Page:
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The Listener, 80 years on, still living dangerously

Pamela Stirling, editor. Photo/Michael Rooke/Bauer Media

It was Charles Dickens who first raised the idea. Early one morning in January 1847, tiring of life in London, he wrote to his friend John Forster: “Disposed to go to New Zealand and start a magazine.”

It was a fine plan, flawed only by the complete lack of a viable readership. Dickens contented himself with publishing some New Zealand stories.

It was to be almost a century before the launch of the New Zealand Listener, in 1939. And, by then, Dickens had presciently provided the perfect quote for the circumstances in which the young magazine found itself: “It was the best of times, it was the worst of times …”

There could hardly be a darker or more inauspicious moment in which to launch a magazine than on the eve of a world war. By 1942, six of the 10 male Listener staff were in uniform, and the number of pages had been drastically cut due to paper shortages.

And yet, in the deepest of ironies, the war was to be the Listener’s saviour. In August 1939, New Zealand Finance Minister Walter Nash was in Britain renegotiating the country’s loans. The treatment he received was hostile and condescending, with the British government and banks reluctant to subsidise New Zealand’s welfare state. However, just two days after Nash’s arrival home on September 1, New Zealand declared war on Germany – and within days Britain offered to buy New Zealand’s entire exports of meat and dairy products. As James Belich once told the Listener, in a sense, World War II saved New Zealand. And without it, he added, the government-funded Listener “might have lasted only a year”.

Macro alias: ModuleRenderer

No one then would have expected the Listener, long since stripped of its government funding, to be celebrating its 80th anniversary this year in such fine form. In a world of profound change, however, people gravitate to brands they trust. Driven by the strength of its content, this publication has become New Zealand’s bestselling current affairs magazine with a per capita circulation higher than Time, the New Yorker or the Spectator. At a time when, sadly, the indicators are flashing red for many publications internationally, the Listener’s circulation is remarkably stable. It now sells more than twice that of its nearest local current affairs magazine competitor and has overtaken most New Zealand women’s and lifestyle magazines. The readership now stands at 201,000 – up 5.8% year-on-year in the latest Nielsen survey.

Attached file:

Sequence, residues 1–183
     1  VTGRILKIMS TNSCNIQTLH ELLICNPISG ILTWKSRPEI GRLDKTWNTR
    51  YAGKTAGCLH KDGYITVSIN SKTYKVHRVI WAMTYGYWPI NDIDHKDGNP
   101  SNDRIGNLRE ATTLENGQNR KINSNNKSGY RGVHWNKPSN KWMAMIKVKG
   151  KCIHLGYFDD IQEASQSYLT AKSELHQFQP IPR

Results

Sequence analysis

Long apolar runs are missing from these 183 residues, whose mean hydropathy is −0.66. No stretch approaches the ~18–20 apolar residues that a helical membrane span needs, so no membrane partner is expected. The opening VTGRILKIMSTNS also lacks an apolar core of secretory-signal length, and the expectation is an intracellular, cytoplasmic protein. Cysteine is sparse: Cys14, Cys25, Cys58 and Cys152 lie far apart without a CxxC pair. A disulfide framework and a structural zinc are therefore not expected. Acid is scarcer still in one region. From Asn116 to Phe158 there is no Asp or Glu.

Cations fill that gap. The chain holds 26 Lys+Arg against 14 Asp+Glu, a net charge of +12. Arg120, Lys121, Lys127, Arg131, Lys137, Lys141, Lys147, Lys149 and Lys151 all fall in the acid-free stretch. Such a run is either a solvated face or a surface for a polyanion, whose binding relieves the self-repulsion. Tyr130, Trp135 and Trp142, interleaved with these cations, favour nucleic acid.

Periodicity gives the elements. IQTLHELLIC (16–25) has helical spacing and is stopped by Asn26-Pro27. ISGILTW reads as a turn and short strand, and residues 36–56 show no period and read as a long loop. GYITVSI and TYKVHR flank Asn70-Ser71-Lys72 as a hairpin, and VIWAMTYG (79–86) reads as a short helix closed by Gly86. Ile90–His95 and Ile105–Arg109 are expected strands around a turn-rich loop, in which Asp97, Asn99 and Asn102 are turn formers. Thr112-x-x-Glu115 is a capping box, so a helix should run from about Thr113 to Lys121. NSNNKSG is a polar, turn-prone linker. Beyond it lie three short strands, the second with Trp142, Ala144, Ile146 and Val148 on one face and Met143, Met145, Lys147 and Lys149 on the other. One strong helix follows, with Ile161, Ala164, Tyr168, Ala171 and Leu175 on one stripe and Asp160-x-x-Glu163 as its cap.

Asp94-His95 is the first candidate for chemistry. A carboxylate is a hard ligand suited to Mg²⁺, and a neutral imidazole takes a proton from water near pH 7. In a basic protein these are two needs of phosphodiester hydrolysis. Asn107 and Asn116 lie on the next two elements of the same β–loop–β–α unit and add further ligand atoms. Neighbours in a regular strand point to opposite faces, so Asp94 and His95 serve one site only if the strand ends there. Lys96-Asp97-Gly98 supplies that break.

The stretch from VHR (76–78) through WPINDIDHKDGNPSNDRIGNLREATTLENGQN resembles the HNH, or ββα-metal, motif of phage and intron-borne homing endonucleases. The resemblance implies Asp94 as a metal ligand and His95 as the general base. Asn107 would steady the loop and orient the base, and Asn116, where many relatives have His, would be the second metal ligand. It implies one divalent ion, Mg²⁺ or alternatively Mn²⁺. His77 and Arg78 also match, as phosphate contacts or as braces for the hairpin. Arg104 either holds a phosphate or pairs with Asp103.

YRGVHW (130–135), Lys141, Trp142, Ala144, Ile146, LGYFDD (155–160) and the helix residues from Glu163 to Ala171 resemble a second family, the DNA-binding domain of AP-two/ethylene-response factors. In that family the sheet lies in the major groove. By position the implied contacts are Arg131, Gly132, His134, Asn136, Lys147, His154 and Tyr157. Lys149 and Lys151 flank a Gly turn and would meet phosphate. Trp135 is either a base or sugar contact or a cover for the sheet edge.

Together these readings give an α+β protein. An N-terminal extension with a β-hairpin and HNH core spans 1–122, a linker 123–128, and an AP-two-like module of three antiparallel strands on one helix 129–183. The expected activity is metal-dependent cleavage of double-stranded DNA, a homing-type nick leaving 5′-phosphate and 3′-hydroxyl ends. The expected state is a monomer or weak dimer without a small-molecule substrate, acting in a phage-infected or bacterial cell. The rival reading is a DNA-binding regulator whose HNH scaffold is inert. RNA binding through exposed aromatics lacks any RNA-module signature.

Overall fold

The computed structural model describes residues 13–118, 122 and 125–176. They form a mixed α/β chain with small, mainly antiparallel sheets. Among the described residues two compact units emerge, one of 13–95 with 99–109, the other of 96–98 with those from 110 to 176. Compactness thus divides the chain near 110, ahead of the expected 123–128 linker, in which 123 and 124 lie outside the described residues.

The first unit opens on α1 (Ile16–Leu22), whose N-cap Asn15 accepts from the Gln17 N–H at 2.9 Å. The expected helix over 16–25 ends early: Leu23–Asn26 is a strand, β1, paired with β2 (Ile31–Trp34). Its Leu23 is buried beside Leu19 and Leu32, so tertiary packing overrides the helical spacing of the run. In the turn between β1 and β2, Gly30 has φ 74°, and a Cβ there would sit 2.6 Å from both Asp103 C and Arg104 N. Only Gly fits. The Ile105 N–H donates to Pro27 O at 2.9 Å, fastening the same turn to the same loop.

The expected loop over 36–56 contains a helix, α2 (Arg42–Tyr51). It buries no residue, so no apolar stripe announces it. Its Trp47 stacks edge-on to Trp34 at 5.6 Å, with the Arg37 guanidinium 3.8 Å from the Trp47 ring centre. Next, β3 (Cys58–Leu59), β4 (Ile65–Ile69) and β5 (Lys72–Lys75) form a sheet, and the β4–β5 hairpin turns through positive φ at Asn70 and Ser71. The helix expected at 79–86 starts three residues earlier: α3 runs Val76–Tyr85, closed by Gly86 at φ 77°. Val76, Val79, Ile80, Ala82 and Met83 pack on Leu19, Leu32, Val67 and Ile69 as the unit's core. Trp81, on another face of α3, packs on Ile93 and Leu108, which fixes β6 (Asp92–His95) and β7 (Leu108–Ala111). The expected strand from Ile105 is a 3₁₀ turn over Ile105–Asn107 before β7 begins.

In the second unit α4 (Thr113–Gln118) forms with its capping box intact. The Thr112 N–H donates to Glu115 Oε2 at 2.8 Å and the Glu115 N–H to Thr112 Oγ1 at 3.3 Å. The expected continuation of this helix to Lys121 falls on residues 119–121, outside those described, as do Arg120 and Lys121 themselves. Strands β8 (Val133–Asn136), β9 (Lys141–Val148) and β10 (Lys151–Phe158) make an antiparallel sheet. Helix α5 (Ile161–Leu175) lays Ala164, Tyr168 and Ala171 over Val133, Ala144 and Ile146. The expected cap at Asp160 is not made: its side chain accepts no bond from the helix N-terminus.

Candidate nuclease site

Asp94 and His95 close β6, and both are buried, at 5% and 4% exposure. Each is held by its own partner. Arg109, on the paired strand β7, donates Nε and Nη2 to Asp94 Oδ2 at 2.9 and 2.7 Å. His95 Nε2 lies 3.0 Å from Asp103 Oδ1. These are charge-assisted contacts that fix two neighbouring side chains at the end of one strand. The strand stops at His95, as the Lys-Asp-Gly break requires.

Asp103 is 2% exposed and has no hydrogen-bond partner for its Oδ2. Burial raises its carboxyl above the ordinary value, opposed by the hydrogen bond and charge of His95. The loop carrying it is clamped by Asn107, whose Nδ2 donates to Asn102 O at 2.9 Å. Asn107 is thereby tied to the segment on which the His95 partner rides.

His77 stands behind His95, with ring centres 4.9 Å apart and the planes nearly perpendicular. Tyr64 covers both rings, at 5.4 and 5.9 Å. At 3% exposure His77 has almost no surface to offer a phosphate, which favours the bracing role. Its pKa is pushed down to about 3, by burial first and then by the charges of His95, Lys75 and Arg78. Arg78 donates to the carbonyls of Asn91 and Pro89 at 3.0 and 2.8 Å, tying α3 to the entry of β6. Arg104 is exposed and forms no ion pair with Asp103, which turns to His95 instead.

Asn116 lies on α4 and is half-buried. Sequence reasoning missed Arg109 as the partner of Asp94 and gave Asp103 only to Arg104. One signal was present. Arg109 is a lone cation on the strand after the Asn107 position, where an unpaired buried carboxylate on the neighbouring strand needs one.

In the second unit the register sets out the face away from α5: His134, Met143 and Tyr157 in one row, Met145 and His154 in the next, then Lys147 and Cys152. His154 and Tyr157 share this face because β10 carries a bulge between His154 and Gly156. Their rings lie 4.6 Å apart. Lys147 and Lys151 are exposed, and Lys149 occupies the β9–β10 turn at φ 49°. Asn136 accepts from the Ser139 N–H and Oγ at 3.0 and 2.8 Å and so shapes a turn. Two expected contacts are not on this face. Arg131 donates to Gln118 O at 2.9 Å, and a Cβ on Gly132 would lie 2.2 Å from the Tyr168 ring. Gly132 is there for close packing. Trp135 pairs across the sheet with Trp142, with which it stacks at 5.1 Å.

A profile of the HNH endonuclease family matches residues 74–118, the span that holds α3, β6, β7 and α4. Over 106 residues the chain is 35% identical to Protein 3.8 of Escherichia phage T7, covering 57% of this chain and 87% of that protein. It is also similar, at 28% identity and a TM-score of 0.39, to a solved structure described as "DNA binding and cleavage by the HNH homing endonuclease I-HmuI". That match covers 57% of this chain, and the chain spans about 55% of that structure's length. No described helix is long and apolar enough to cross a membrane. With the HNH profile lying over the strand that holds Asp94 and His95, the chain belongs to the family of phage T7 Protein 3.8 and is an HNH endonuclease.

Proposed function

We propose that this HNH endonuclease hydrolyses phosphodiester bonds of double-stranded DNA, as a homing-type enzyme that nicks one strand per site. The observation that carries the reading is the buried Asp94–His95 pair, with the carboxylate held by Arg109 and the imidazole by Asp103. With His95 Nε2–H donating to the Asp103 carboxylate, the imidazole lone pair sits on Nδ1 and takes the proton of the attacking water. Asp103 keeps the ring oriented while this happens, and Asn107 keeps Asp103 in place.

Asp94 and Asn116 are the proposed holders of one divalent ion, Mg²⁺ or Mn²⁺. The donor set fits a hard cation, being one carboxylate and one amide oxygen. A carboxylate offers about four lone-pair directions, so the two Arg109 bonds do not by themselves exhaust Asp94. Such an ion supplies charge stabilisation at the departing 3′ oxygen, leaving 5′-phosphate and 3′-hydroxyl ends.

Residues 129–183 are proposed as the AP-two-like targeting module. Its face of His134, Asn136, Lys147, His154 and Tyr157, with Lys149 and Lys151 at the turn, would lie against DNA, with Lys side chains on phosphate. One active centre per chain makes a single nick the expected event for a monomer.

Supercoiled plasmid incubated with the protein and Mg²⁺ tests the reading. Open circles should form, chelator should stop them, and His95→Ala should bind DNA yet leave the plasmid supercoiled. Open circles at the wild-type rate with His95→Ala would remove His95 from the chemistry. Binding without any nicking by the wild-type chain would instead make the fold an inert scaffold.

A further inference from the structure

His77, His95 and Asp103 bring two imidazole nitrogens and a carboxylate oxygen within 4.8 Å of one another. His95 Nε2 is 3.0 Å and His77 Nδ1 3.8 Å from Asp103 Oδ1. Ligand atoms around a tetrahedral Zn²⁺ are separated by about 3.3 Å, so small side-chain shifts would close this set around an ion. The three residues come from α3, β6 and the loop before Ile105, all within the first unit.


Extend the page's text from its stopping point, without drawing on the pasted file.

How do we do it? In a world of fake news, our aim is to produce an independent, respected and compelling magazine that is not afraid to rattle cages but which is a positive, energising force in New Zealand’s cultural, intellectual and political life.

From the beginning, the Listener clashed with the stifling conformity of its times. A 1940 article on the US elections met with government disapproval and a Listener poster was removed from the streets by order of the Prime Minister. Editorial comment on US isolationism was also “regarded with disfavour”. The editorial courage and integrity of the first two editors, Oliver Duff and Monte Holcroft, built the foundations upon which this magazine still stands. On its 10th anniversary, the editorial noted, “There are times when to be alive is a sort of a miracle, and in its infancy the Listener had to live dangerously.” Duff used to send prime ministerial memos back unanswered.

The Listener proudly continues the tradition of independent investigative journalism and it advocates strongly on issues of importance. Our first climate-change cover, a subject of so much controversy at the time, was published 15 years ago, long before publications such as Time did so.

This magazine will always champion New Zealanders. It printed Janet Frame’s first short story as an adult, as it did the first fiction of Keri Hulme and many others. It published Lorde’s first-ever interview. We were honoured to publish Sir Edmund Hillary’s last interview.

On this special anniversary, we’re delighted to share with you some of the often-moving Listener content as it recorded the journey of our nation over the past 80 years. Not everyone has approved – after the very first issue, one reader thundered, in suspiciously Dickensian language, “Sir, to what purpose is this waste?”

It was not, thankfully, the only letter. There were many messages, including this: “Please to accept my congratulations on No 1 of the New Zealand Listener. I don’t know how you did it … I expect you must have been pretty well standing on your head by the time it went to press. In fact, there is evidence of that in the position on each page of the heading and page number.”

It’s the lively, engaging and stimulating readers who have made it such a joy and a privilege for all of us who have worked on the Listener over its 80 years. We hope you enjoy this celebratory issue.

The Listener turns 80 this year and in celebration of reaching that milestone we're delving back into the treasures of our archive. Pick up a copy of the 80th Anniversary Bumper Issue and see for yourself.